Issues

5 Reasons Why The Death Penalty is Wrong

Over 70% of the countries in the world have abolished the death penalty. The United States is a nation that still enforces capital punishment, standing in stark contrast to other democracies. It’s used methods like firing squads, hanging, the electric chair, and lethal injections. However, over the past years, Americans’ view of the death penalty has shifted. According to a Gallup poll, 60% of participants believe life in prison without parole is a better punishment than death. Why should the United States and other countries that use capital punishment abolish it? Here are five reasons why the death penalty is wrong:

#1. It’s inhumane

The international human rights treaty – The Convention against Torture and Other Cruel, Inhuman or Degrading Treatment or Punishment – is intended to prevent actions considered inhumane. While the Convention doesn’t take a clear stance on the death penalty, many believe executions fall under the type of punishment described in the document. In the United States, research shows that 3% of executions between 1890-2010 were “botched.” What does it mean to “botch” an execution? It causes severe suffering to the prisoner. Lethal injection has the highest rate of error despite being the most “humane” – and most common – option. When injections go wrong, it can take a long time for a prisoner to die. Exams after death show serious chemical burns and other injuries. Opponents of the death penalty say this demonstrates cruel and inhumane punishment.

#2. The death penalty disproportionately affects certain groups

The death penalty is not a good example of blind justice. Studies show that the mentally ill, people of color, and the poor make up the majority of death row inmates. In the United States, between 5-10% of prisoners on death row have a severe mental illness, according to Mental Health America. As for racial groups, despite making up only 13% of the US population, black people make up over 40% of the prisoners with a death sentence. When researchers take a deeper dive, they discover patterns of discrimination based on race. According to the United Nations, the poor are also disproportionately affected by the death penalty on a global scale. They are less likely to get good representation and the system is biased against them. Even though these groups are not committing the most crimes, they are the ones receiving the most severe punishment.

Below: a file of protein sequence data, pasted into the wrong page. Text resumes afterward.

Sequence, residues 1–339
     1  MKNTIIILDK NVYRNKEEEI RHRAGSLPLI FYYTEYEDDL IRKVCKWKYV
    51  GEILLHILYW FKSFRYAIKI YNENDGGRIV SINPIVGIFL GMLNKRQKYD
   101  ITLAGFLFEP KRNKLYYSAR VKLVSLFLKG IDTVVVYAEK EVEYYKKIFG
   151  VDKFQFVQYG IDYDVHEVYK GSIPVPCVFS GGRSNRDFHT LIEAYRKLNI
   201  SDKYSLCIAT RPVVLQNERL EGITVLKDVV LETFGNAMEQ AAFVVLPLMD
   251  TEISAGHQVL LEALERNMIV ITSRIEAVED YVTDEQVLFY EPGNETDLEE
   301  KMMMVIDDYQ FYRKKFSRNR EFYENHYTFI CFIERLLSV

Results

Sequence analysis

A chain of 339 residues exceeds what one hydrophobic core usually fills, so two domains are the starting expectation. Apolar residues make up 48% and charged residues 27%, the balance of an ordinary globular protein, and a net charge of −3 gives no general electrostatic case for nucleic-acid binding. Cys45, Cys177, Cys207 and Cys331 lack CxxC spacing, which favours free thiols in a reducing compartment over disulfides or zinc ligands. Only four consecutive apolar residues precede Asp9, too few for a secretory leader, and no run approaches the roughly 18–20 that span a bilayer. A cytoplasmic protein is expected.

#3. The death penalty can be used as a tool for control, not justice

In theory, the death penalty is only intended for use as punishment for the most serious crimes, like murder. However, in places around the world, governments use executions for non-lethal crimes. This includes drug-related offenses, burglary, adultery, blasphemy, and political crimes. It becomes clear that many governments are not interested in justice, but rather suppression and control. By using the death penalty so arbitrarily, authorities set their own definitions for what’s “unacceptable” in society and what’s an appropriate punishment. It makes citizens fearful and violates their human rights. Allowing the death penalty to exist allows corrupt governments to use executions for their own purposes.

#4. It can’t be undone if new evidence is revealed

What makes the death penalty distinct from life in prison is that the judgement can’t be reversed. It’s a final punishment. However, what if new evidence is discovered and it turns out the prisoner was innocent? In the US, the rate of error is extremely high. Since 1973, 159 people have been released from death row. New technologies like DNA testing have played a big role. If timing and circumstances had been different, prisoners would have died for a crime they didn’t commit. How many other death row inmates are at risk for unjust execution? Even if they aren’t all innocent, a deeper dive into their cases could reveal discrimination, inadequate representation, and other issues that would prove they didn’t receive a fair trial. In a society where the legal system can’t be relied on for justice, the death penalty is too serious a punishment.

#5. It doesn’t deter crime

The fact that it doesn’t prevent crime may be the most significant reason why the death penalty is wrong. Many people might believe that while the death penalty isn’t ideal, it’s worth it if it dissuades potential criminals. However, polls show people don’t think capital punishment does that. The facts support that view. The American South has the highest murder rate in the country and oversees 81% of the nation’s executions. In states without the death penalty, the murder rate is much lower. There are other factors at play, but the fact remains that no studies show that capital punishment is a deterrent. If the death penalty is not only inhumane, discriminatory, and arbitrary, but it often claims innocent lives and doesn’t even prevent crime, then why should it still exist? It’s disappearing from legal systems around the world, so it’s time for all nations (like the United States) to end it.

About the author

Emmaline Soken-Huberty

Emmaline Soken-Huberty is a freelance writer based in Portland, Oregon. She started to become interested in human rights while attending college, eventually getting a concentration in human rights and humanitarianism. LGBTQ+ rights, women’s rights, and climate change are of special concern to her. In her spare time, she can be found reading or enjoying Oregon’s natural beauty with her husband and dog.